Some of your tenants will leave over the smallest of price increases. More realistically, however, most of your customers will stick around as long as they’re in need of self storage. According to James Webb, a storage facility owner in Stockton, CA tenants who choose to move out were probably thinking about doing so for a while. For them, the price increase merely caused them to execute their decision.
When handling grumpy customers about your new rates, the typical rules of good customer service still apply. Along with those, a tactic that tends to work well for both you and the tenant is to remind him that he’s still paying less than any of your new leads would be.
Let’s say that, over the course of two years, you raise your rate for unoccupied 5’x5’ units by 15% three times. Meanwhile, you only institute a 7% increase for current customers after they’ve been renting with you for 9 months.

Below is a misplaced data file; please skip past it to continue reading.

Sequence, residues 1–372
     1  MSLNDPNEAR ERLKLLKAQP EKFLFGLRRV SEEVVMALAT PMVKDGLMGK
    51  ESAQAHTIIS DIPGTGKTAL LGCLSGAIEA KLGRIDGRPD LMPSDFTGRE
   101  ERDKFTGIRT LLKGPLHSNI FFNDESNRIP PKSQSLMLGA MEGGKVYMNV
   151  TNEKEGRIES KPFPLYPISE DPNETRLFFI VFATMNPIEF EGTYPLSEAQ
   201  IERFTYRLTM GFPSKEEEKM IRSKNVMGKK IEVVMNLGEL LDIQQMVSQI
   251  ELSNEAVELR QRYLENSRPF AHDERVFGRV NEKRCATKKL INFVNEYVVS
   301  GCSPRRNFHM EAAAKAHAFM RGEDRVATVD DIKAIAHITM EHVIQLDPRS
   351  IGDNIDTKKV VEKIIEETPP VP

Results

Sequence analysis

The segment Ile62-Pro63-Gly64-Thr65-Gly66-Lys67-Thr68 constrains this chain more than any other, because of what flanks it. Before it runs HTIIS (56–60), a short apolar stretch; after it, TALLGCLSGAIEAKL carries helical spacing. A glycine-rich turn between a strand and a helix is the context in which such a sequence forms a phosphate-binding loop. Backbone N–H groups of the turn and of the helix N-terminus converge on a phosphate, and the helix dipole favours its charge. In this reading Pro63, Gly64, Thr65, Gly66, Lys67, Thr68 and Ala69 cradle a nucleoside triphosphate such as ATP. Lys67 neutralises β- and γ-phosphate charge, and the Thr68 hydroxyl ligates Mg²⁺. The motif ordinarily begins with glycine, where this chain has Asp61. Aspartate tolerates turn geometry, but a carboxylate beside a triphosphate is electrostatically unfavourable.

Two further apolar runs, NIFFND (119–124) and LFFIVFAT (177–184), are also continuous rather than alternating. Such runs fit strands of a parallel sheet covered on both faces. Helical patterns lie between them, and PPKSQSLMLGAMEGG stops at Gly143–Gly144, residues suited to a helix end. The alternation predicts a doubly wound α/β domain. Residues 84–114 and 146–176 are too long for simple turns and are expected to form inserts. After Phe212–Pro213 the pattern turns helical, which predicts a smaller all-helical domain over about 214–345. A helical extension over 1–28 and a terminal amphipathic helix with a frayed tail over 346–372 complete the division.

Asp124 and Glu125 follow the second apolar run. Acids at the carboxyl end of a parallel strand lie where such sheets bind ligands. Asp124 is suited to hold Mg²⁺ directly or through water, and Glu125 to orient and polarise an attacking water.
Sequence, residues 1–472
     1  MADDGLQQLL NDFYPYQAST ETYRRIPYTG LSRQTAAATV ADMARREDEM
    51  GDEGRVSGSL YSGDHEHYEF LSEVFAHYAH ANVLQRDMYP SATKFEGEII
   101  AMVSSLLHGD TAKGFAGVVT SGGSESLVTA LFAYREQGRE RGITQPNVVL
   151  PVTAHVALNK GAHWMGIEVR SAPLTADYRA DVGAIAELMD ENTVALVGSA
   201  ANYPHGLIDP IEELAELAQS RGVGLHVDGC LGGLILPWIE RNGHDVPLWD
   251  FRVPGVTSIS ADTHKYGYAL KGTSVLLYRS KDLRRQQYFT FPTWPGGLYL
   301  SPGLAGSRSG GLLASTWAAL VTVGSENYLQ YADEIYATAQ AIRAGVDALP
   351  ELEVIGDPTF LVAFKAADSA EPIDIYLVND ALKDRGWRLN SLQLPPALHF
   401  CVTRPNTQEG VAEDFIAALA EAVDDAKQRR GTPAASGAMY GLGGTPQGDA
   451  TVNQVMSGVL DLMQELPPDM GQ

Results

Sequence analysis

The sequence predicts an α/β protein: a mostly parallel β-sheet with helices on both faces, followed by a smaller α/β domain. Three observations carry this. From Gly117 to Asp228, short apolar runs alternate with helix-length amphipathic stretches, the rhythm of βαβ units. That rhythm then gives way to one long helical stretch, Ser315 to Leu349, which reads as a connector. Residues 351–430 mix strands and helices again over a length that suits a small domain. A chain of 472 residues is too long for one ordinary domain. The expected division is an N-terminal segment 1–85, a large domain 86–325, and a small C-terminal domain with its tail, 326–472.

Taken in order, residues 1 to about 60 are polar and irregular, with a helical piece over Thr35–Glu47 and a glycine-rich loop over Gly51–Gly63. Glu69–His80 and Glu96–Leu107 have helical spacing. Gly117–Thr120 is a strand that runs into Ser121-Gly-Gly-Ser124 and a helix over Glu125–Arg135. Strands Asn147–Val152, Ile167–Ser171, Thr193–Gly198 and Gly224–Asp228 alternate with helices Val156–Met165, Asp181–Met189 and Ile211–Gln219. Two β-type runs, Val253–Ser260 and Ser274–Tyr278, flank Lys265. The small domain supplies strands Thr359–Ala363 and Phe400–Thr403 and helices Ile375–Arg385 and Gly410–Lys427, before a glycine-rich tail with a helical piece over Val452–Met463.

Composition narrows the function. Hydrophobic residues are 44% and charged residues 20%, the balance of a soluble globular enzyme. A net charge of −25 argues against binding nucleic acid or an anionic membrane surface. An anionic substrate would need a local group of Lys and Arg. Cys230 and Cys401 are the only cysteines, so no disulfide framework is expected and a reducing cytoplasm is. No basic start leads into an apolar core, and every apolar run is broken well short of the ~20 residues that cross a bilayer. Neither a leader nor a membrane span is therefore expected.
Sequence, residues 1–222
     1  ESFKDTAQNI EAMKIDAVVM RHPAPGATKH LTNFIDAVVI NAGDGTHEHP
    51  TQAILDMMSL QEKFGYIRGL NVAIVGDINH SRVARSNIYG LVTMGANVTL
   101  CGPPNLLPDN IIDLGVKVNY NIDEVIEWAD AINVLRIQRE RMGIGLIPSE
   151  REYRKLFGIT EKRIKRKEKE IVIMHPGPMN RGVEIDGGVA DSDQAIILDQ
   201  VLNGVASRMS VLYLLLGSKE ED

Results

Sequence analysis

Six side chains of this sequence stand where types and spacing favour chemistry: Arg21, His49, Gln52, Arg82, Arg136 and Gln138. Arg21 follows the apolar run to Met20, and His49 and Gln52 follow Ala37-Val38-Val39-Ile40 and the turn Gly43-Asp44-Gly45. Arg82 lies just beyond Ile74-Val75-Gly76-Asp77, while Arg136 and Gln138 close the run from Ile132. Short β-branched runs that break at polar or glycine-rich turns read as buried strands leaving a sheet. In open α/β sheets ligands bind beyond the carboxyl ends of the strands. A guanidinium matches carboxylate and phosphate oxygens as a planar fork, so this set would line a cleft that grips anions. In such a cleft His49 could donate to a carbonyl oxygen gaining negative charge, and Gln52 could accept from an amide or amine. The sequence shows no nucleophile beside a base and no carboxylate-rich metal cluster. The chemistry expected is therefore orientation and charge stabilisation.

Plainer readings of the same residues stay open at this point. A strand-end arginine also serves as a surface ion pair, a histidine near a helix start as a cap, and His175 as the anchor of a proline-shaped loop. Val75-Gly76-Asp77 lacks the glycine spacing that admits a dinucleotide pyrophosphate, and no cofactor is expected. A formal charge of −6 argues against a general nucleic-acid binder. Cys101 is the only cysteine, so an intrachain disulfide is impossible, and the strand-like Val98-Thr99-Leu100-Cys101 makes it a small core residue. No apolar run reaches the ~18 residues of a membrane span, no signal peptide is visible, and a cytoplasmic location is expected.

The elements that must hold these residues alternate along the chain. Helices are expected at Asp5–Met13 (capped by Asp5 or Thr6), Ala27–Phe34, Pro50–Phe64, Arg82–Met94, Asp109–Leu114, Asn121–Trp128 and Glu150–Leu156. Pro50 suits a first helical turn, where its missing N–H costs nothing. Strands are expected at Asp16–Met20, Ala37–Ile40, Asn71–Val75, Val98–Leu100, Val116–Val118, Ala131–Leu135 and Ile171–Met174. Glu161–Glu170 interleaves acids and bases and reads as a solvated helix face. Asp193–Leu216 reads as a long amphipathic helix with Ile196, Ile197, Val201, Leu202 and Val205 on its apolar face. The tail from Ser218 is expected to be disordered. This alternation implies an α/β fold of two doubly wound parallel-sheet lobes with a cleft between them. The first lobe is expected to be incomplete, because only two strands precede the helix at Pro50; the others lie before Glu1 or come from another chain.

So when John Doe raises his eyebrows at the fact that you’ve raised rent twice over the span of two years, it’s important for you to distinguish the difference between his rate and the current street rate for his unit size. In our example, John’s paying $11.28 less per month – or $135.36 per year – than a new move-in would. Plus you’ve raised your street rate about every six months (so this gap will only widen over time), while you’ve only raised rates on your current tenants once very nine months. You can highlight the fact that he benefits from being one of your loyal tenants.
Handling issues like price increases is part of being a good businessman. You have to understand your business and its needs, all while being sensitive to the needs of your customers and their communities. Because each facility, each market, and each tenant is different, your formula behind revenue management will likely need several small tweaks until you find what works for you.
In the short-term, being smart about your unit rates will help your profits flourish. In the long-term, you can add value to your facility and enhance your business skills along the way. Take the time to learn from your mistakes until you refine a process that works best for you and your brand.